(Bloomberg) — The booming ETF industry may be set to lure even more cash in the coming years as rich Americans facing higher capital gains taxes look to limit what they owe Uncle Sam.
President Joe Biden’s plan to double the rate those making more than $1 million a year pay on investment profits would accelerate a shift that’s already seen hundreds of billions of dollars migrate from mutual funds to exchange-traded funds, market watchers say. That’s because ETFs are generally more tax efficient, spinning off fewer capital-gain disbursements that for some could soon become a lot more costly.
In fact, by one measure, the tax efficiency of ETFs has been the single most important driver behind the tectonic shift in asset allocations in recent years. While the administration’s plan remains in its infancy and is sure to face intense scrutiny from lawmakers in the months ahead, even an incremental hike in the capital-gains rate would likely spur further ETF usage, according to David Perlman, an ETF strategist at UBS Global Wealth Management.
“If capital gains tax rates are going to be higher, if you have a choice of a structure that helps to defer capital gains and gives you more control over when to recognize those gains, you’d be more inclined to go in that direction,” Perlman said.
When an investor exits a mutual fund, the fund’s manager must sell securities to raise cash for the redemption. The same investor leaving an ETF can sell their shares on to another investor, meaning neither the fund nor its manager has made a taxable transaction.
Meanwhile, the “in-kind” process used to create and redeem shares in an ETF — whereby the ETF issuer exchanges the fund’s underlying securities with a market maker rather than transacting in cash — means the ETF rarely executes a taxable sale.
A December study by researchers at Villanova and Lehigh universities found that over the past five years, ETFs have averaged a tax burden 0.92% lower than active mutual funds. Moreover, particularly for high net-worth investors, tax considerations have outweighed both performance and fees as the primary driver of flows out of active mutual funds and into ETFs, the findings showed.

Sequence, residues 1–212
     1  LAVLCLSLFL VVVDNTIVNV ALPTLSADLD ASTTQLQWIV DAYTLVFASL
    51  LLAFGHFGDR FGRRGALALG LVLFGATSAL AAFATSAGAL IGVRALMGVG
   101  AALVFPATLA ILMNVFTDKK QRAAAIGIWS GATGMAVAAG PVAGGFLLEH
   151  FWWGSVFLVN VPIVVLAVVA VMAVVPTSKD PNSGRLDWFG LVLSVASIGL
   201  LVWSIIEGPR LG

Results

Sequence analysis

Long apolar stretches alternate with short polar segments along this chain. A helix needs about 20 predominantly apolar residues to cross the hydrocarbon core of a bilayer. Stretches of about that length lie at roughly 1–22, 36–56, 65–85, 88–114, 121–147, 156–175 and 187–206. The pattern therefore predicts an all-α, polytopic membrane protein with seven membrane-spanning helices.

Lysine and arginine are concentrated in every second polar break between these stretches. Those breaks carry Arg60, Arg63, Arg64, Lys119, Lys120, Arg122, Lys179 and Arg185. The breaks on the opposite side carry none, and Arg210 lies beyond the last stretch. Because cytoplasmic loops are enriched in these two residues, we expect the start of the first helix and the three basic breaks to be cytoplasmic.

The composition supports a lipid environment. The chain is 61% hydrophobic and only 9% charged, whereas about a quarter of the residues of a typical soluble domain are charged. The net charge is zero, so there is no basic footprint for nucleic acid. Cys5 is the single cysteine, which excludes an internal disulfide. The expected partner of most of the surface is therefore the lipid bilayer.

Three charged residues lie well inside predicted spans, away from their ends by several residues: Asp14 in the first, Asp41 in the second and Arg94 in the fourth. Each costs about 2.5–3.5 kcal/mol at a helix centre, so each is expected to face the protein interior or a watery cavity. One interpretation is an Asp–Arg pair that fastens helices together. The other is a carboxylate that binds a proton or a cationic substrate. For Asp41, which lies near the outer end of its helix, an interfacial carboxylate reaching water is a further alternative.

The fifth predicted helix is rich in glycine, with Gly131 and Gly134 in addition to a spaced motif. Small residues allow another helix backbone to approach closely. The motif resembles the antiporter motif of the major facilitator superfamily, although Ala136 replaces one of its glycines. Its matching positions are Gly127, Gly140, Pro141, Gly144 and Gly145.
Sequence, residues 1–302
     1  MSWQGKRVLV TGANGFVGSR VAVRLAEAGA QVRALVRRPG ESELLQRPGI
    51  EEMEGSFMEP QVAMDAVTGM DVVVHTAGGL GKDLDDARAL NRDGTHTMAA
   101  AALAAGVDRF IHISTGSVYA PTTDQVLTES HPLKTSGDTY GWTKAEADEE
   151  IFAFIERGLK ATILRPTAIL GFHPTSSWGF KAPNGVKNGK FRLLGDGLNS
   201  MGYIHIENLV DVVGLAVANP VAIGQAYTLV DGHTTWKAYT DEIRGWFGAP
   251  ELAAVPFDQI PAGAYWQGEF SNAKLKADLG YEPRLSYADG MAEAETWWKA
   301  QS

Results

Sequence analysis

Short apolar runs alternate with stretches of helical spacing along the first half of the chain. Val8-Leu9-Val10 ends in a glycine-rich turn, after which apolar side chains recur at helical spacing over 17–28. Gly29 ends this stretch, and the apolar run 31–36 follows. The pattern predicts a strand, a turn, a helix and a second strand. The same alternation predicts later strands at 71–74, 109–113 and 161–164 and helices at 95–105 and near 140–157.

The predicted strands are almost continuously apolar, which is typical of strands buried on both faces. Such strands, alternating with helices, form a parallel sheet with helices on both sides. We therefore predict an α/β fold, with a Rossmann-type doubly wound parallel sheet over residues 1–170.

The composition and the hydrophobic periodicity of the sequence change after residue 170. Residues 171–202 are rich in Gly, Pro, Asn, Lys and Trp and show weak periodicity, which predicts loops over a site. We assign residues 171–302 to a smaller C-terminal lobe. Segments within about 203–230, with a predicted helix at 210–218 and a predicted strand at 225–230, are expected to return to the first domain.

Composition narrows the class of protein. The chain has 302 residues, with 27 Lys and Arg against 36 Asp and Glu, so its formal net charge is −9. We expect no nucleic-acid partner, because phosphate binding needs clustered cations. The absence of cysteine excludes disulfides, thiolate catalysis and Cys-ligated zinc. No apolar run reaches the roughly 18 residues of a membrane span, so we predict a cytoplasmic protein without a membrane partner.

“There’s no question Biden’s plan to hike the capital gains tax could be a boon for ETFs,” Nate Geraci, president of the ETF Store, an advisory firm, said via email. “Despite significant market share gains by ETFs over the past decade, there are still trillions of dollars locked in less tax efficient mutual funds.”
Last year alone, the ETF industry took in almost $500 billion, while mutual funds lost about $362 billion, according to data compiled by Bloomberg.
Most ETFs hardly pass along any capital gains to shareholders nowadays. Only 3 of 585 in a CFRA analysis made disbursements in 2020, Todd Rosenbluth, head of ETF & mutual fund research at the firm, wrote in an April 26 report. Over the same span, 37 of 39 domestic equity mutual funds from T. Rowe Price Group Inc. incurred a capital gain, the analysis showed.
“We expect more people that mix ETFs and mutual funds together will be more inclined to shift toward strategies to avoid paying higher capital gains taxes in the future,” Rosenbluth wrote.
Even investors not affected by the higher rate could migrate toward ETFs, he added. Simply the discussion of capital gains reminds investors of the industry’s innate tax advantages over mutual funds.
Others aren’t convinced a higher capital-gains rate will do much to boost inflows into ETFs. Wealthy investors would have to sell their mutual fund holdings to make the switch, triggering significant tax liabilities in the process, said Michael Zigmont, head of trading and research at Harvest Volatility Management.
“I see this tax hike not being good or bad for ETFs,” he said.
Meanwhile, ETFs don’t suit every investment need. The U.S. retirement system remains heavily geared toward mutual funds, for example.
Nonetheless, Perlman agrees with Rosenbluth that the potential tax change could even have an impact on investors below the $1 million annual earnings threshold.
Those expecting to soon find themselves in the upper tax bracket, or concerned the threshold could be lowered down the road, are also likely to shift their future allocations, he said.
“The incentives apply more broadly than just to those impacted by the proposal,” Perlman said.
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